Teenage global climate-change activist Greta Thunberg, who can boast over 4.6 million followers on Twitter and her own postage stamp, welcomed President Joe Biden’s return to the Paris climate accord this week, and she didn’t let a chance to rib Sen. Ted Cruz, who called resumption of U.S. membership anti-American, slip by.
The voluntary, U.N.-directed pact created five years ago at a meeting of delegates in the French capital counts nearly 190 countries as signatories. It is an updated version of what critics called flawed but meaningful accords signed in Kyoto and Copenhagen. Then-President Donald Trump officially pulled the U.S. from the Paris agreement in November, basing his decision, he said, on allegations of negligence from developing giants China and India and the impact on U.S. jobs. Many U.S. tech and consumer companies have aligned their own climate goals with the intent of the Paris pact, and the U.S. Chamber of Commerce has gotten on board, conditionally.
Cruz, a Texas Republican who has faced criticism and potentially more serious consequences amid allegations that his rhetoric helped incite the insurrection at the U.S. Capitol on Jan. 6, isn’t lying low this week. He condemned Biden’s Day 1 executive order to rejoin the global pact, tweeting at one point that “by rejoining the Paris Climate Agreement, President Biden indicates he’s more interested in the views of the citizens of Paris than in the jobs of the citizens of Pittsburgh.”
“This agreement will do little to affect the climate and will harm the livelihoods of Americans,” Cruz tweeted.
Thunberg, from Sweden, expressed her pleasure with the U.S. return, partly in jest.
The response of the green-minded teen was considerably less blue than an earlier exchange between Cruz and actor Seth Rogen. Read that exchange here.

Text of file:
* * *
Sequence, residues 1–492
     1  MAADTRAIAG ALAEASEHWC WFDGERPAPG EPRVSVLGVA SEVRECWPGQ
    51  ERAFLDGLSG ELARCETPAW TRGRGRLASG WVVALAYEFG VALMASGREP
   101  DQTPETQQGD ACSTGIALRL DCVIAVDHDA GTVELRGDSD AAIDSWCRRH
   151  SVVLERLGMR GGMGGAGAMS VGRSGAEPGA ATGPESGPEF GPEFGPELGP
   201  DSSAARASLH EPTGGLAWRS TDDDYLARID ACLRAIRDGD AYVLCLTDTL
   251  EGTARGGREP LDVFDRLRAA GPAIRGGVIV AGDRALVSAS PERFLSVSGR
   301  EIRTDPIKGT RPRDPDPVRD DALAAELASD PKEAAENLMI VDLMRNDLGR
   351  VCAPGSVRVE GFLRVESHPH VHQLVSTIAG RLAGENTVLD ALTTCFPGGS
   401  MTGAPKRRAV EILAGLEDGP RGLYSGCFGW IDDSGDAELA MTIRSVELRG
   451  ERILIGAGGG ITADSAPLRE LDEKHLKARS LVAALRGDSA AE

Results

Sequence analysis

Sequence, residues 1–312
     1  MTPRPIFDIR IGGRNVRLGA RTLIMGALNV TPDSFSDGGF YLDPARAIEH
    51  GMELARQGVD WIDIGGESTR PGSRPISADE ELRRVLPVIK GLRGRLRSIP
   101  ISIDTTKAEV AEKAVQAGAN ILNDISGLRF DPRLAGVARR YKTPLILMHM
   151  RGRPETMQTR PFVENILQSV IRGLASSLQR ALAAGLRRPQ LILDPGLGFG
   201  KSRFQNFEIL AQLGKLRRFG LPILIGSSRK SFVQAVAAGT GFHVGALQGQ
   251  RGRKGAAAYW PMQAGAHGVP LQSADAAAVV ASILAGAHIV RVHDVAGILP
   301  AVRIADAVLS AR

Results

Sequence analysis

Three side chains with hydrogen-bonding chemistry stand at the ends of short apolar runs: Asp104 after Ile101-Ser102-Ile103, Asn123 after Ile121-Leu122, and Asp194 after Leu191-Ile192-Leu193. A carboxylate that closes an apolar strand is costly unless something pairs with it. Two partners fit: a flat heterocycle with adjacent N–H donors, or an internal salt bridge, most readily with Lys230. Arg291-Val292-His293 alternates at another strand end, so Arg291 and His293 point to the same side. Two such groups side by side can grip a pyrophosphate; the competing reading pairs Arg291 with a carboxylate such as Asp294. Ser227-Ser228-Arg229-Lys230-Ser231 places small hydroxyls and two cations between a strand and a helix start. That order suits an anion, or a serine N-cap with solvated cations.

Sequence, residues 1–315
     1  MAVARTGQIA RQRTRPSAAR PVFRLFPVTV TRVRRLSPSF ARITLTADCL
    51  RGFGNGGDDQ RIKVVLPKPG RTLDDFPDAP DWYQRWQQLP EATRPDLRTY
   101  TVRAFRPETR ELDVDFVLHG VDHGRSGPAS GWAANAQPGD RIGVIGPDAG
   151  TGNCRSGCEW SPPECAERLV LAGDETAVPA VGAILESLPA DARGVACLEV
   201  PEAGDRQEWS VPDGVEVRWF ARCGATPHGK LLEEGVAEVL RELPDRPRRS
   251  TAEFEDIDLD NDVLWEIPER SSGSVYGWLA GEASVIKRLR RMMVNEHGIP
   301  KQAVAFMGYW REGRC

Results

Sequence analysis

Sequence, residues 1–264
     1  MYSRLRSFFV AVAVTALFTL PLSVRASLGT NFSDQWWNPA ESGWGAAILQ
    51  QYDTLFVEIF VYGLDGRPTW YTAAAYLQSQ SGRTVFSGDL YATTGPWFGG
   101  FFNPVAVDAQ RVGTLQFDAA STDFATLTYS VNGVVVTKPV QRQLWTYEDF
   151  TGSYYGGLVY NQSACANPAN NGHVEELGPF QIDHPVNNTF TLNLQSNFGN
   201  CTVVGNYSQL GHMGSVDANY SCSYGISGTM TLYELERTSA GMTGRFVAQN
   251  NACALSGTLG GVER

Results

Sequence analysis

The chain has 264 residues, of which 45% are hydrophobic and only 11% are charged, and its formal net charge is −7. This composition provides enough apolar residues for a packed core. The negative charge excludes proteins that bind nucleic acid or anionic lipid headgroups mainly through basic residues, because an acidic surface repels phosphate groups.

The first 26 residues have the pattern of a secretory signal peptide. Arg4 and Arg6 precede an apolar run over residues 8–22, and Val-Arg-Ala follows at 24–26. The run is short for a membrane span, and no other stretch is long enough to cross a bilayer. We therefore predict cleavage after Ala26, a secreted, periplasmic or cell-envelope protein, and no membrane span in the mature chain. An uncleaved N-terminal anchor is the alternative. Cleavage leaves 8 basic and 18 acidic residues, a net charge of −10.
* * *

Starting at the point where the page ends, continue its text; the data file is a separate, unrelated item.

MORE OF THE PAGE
Second-term House Democrat Alexandria Ocasio-Cortez of New York, meanwhile, pondered whether Cruz believed the Geneva Conventions on wartime conduct reflected only the views of the citizens of the Swiss city where the meetings were convened. (It was elsewhere inquired whether Cruz, perhaps most famous for reading Dr. Seuss’s “Green Eggs and Ham” during a 20-plus-hour filibuster he staged against the Affordable Care Act, believed the World Health Organization worked only to the benefit of the Whos down in Whoville.)
Pittsburgh-not-Paris is a recycled sentiment expressed by Trump in 2017, one chided by Pittsburgh itself, whose leadership was proud of its climate-change commitment.
At the start of 2020, clean-energy employment in the U.S., which includes wind and solar but also other tech-based roles, increased for the fifth straight year since clean-energy advocate E2 started tracking the data. The growing sector claims 3.3 million workers nationwide, slowing slightly due to COVID-19. The sector is on a different trajectory than traditional fossil-fuel
While California remained the nation’s leader in clean-energy jobs through 2019, states as diverse in size and structure as Texas and Massachusetts also are in the top 10. Florida, North Carolina and Georgia continued to lead the South, while Michigan, Illinois and Ohio led the Midwest.
Biden and the Democrats have a narrow advantage in the new Congress, which means Republican and industry support is still needed for meaningful legislative action. Biden has pledged to spend $2 trillion to combat climate change.
Meanwhile, seven Democratic senators on Thursday asked the Senate Ethics Committee to investigate the actions of Cruz and Sen. Josh Hawley “to fully understand their role” in the Jan. 6 insurrection.